Paolo Frankl, International Energy Agency (IEA), talked about the cost of system integration of variable renewables, discussing results of the IEA study “Harnessing Variable Renewables,” which found that load balancing depends on traits of variability, being: demand fluctuation, variable renewable power plants, and unexpected outages; and on traits of flexibility, being: dispatchable power plants, demand side issues, storage, and interconnection. Frankl said the report quantifies the flexibility of supply and storage analyzed over one minute, one hour, one day and one week. He indicated the penetration rate of renewables is different for different regions in different scenarios.

Richard Taylor, International Hydropower Association, discussed costs of traditional hydropower as well as matching demand. He reminded participants of the need to differentiate between river, storage and pump hydropower. Taylor explained that hydropower used in tandem with wind can overcome variability issues. He closed by saying renewables costs should be discussed in terms of ranges, not fixed numbers, especially if one considers externalities.

Brigitte Knopf, Potsdam Institute for Climate Impact Research, compared costs of GHG reductions via renewables with other options. She illustrated that amongst current global models of renewables at 2050, a large variability exists amongst study results in terms of renewables mitigation potential. On a study she coordinated, Knopf said in low bioenergy scenarios costs of bioenergy remain high, and that mitigation with nuclear is not especially cost-effective. She said that, although renewables costs remain high in many cases, some are already cost-competitive, and current learning rates indicate that costs will continue to decrease.

In the ensuing discussion, one participant said that to adequately compare price differences between renewables and conventional power, it is important to convey costs of integration, externalities, and other costs of not only renewables, as has been the recent trend, but of conventional electricity production as well. Responding to a question on methods underlining his consideration of nuclear risks, Ricci acknowledged its subjectivity.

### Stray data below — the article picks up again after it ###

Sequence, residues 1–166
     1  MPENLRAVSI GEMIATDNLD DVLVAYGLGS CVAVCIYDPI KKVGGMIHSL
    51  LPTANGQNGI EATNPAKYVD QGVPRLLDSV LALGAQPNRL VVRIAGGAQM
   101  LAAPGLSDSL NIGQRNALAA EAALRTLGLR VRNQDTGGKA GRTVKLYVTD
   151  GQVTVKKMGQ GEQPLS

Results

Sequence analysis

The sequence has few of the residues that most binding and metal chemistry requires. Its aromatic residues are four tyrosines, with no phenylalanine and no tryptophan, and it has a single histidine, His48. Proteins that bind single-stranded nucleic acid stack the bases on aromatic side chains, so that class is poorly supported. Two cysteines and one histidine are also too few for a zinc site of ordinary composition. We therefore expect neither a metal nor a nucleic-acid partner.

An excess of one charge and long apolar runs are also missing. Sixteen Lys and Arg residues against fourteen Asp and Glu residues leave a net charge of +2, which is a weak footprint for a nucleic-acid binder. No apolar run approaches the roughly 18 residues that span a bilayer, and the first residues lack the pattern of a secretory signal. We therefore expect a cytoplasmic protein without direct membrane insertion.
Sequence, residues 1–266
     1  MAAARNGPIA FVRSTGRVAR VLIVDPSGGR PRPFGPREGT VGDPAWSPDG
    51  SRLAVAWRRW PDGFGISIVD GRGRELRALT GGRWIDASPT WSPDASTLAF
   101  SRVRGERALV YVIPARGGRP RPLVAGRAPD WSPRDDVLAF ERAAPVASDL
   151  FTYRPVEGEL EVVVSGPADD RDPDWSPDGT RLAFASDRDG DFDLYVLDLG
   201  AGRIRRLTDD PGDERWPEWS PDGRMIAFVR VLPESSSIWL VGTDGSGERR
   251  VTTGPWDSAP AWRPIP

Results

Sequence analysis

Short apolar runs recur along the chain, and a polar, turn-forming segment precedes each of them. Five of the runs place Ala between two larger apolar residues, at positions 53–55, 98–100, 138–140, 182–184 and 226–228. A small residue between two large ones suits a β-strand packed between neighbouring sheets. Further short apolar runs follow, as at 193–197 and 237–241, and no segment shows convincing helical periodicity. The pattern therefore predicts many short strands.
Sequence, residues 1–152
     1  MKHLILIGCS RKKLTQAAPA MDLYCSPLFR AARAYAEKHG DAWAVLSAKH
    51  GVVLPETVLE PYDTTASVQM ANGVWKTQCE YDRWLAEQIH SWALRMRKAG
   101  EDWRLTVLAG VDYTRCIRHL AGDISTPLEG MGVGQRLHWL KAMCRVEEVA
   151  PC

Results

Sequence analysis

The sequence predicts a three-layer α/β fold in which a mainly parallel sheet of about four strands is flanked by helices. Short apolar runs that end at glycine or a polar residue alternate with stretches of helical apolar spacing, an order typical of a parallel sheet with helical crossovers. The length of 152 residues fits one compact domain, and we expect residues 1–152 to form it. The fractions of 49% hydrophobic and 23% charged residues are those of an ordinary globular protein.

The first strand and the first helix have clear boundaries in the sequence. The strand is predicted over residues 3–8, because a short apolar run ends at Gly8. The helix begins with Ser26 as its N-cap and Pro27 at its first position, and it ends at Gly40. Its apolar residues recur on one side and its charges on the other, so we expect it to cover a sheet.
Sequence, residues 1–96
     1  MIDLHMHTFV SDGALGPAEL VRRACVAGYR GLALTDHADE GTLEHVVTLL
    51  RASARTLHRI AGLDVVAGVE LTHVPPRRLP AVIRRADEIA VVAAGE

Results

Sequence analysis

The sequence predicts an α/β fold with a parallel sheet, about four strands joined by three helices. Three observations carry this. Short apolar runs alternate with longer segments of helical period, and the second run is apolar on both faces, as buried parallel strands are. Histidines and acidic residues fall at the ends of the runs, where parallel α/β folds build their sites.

Session III: Innovation for Accelerated Deployment: This session focused on best practices and lessons learned on the framework conditions for renewable energy technological innovation, and was chaired by Mohamed El-Ashry, Chair, Steering Committee, REN21.

Bob van der Zwaan, Energy Research Centre of the Netherlands, touched upon learning curves for renewable technologies. He emphasized the high cost of new technologies, noting that 21st century society will have to pay more for energy, referring to the rapid increase in the price of commodities used in renewables construction, such as copper and steel.

Mario Ragwitz, Fraunhofer ISI, Karlsruhe, concentrated on the electricity sector, including feed-in tariffs and feed-in premiums, and the pros and cons of RES-E support schemes. He highlighted conditions for innovation: long-term targets, stable demand, education, information provision, existence of a global market, and continuous cost reduction.

Ron Benioff, National Renewable Energy Laboratory (NREL), United States, contemplated the US experience with efficiency and effectiveness of renewable energy innovation. He advised a mixture of: government price support; market instruments; loan programmes; dedicated research, development and demonstration; cooperation with industry; tax policies to promote investments; and educational programmes and training. He indicated that not enough attention is given to delivering power at the community level or to fundamental research in renewable energy.